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Biology12343 articles archived since 1845

Darwin: Ghostbuster, Muse and Magistrate

Darwin historian Richard Milner shares some of the lesser known aspects of Darwin's life. And Scientific American columnist Michael Shermer talks about the stock market, religion and other belief systems...

January 22, 2009 — Steve Mirsky

Tungsten--Could it be the next mercury or lead?

Scientists this week urged further research on tungsten— the metal used to make lightbulb filaments, shotgun shells, electrical wires and even wedding bands—to rule out possible health risks to humans and the environment in the wake of studies showing that it may cause reproductive problems in earthworms and stunted growth in sunflowers. 

In an article published this week in Chemical & Engineering News , researchers suggest that not enough is known to determine whether tungsten is safe, and that studies need to be conducted to assess how much is in drinking water and the soil – and whether it poses dangers for humans, animals and plants...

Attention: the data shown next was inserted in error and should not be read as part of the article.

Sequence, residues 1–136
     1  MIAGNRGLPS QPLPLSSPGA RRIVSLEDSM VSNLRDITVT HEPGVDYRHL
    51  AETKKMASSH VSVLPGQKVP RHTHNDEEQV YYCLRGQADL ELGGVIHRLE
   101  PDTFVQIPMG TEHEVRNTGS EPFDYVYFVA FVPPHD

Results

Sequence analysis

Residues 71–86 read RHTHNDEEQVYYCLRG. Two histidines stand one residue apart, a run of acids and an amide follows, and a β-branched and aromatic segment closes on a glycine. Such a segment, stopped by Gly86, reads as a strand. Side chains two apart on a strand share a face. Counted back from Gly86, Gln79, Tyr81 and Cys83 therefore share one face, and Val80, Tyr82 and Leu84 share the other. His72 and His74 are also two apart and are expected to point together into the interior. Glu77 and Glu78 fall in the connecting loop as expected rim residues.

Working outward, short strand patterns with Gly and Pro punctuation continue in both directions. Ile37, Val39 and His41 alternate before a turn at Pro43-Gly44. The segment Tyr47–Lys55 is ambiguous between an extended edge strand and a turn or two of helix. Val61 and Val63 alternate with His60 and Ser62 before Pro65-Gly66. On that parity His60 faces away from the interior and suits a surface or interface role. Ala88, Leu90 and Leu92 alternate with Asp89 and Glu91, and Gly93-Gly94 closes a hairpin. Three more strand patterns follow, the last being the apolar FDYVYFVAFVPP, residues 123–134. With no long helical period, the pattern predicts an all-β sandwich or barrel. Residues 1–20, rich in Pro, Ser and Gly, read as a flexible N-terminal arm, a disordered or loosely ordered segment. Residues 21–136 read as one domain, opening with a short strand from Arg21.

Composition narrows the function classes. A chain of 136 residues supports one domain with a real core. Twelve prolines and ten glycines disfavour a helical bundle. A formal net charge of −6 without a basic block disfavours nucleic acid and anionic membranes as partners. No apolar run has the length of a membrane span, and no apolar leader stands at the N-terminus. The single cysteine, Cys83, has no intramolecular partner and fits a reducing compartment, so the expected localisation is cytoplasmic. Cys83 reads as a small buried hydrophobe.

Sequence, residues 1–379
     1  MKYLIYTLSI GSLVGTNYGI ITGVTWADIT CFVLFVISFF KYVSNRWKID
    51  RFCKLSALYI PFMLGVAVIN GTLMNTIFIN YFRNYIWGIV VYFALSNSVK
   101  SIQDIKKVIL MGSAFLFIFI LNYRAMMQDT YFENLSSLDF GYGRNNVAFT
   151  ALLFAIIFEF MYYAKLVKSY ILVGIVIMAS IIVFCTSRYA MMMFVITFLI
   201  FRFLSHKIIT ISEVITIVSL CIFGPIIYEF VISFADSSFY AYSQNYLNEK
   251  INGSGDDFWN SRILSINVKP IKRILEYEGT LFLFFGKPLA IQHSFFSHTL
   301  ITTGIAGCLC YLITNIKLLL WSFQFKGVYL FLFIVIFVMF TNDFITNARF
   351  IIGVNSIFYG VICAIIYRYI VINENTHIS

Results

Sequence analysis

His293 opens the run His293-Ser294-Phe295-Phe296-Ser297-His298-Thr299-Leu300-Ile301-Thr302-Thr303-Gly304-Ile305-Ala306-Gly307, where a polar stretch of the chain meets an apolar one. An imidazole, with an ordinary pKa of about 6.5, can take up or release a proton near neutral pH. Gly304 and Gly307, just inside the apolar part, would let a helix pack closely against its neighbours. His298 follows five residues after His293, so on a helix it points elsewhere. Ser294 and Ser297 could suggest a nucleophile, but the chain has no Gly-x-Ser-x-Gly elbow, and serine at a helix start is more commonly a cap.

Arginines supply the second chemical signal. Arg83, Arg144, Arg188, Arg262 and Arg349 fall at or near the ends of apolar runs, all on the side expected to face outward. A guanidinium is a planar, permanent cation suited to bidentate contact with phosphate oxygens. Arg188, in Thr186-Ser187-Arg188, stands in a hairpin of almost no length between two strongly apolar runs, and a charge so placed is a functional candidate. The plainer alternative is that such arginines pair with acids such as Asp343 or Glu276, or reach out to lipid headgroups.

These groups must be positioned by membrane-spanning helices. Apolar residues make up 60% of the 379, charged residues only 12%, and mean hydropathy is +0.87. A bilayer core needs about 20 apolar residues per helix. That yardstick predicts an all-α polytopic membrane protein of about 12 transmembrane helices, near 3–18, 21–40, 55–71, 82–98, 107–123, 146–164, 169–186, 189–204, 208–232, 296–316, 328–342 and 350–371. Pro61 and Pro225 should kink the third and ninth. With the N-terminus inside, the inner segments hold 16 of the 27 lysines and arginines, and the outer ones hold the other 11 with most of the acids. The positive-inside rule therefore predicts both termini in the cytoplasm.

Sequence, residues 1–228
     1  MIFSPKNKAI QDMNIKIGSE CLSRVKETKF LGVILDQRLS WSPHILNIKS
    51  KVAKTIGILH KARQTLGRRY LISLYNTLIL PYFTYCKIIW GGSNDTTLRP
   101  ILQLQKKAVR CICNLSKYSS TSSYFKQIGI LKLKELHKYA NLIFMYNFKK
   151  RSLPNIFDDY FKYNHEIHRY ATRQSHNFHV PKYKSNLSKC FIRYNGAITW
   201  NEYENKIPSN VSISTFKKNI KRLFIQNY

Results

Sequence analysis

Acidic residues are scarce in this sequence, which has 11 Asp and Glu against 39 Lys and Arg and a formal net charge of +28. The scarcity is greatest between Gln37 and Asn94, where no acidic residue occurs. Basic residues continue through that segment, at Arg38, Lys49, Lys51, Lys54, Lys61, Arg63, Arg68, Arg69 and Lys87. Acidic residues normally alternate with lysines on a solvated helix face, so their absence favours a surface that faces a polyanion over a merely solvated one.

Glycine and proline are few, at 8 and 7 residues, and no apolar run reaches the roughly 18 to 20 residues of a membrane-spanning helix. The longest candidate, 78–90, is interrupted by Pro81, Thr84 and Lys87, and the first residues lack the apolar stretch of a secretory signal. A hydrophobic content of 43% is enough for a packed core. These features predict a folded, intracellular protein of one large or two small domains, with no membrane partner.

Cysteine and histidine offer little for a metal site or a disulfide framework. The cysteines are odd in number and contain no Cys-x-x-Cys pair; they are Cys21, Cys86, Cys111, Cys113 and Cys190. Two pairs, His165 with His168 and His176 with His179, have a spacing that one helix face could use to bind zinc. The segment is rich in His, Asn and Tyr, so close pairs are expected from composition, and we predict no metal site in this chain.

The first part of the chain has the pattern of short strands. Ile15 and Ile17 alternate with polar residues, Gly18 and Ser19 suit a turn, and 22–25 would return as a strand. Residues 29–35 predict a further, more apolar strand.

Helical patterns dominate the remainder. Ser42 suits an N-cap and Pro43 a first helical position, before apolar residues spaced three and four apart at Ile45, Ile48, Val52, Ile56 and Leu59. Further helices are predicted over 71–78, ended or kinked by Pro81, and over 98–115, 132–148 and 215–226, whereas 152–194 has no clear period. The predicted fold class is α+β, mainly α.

January 20, 2009 — Coco Ballantyne

New study: Bipolar disorder and schizophrenia are genetically linked

A new study suggests that if schizophrenia runs in a family, there's a good chance that bipolar disorder does as well (and vice versa). The findings, published today in the journal The Lancet , suggest that the two disorders are caused by some of the same genes...

January 15, 2009 — Coco Ballantyne

Honey, we shrunk the food -- really, really fast

Policymakers may not intend to keep us trim when they're pondering how to manage fisheries and other wild food resources. But a new study indicates that our current food-harvesting practices are making the stuff we eat smaller—very quickly...

January 15, 2009 — Katherine Harmon

FDA okays new drug to treat fibromyalgia

The U.S. Food and Drug Administration (FDA) has approved a new med to treat fibromyalgia, a mysterious disease characterized by chronic widespread pain, fatigue, sleep disturbances and depression...

January 15, 2009 — Coco Ballantyne

Getting a Teeny-Tiny Grip

In a report in the Proceedings of the National Academy of Sciences USA, Johns Hopkins University researchers discuss their invention of a "microgripper," a metallic device the size of a speck of dust that can float through tissue and latch on to individual cells...

January 15, 2009
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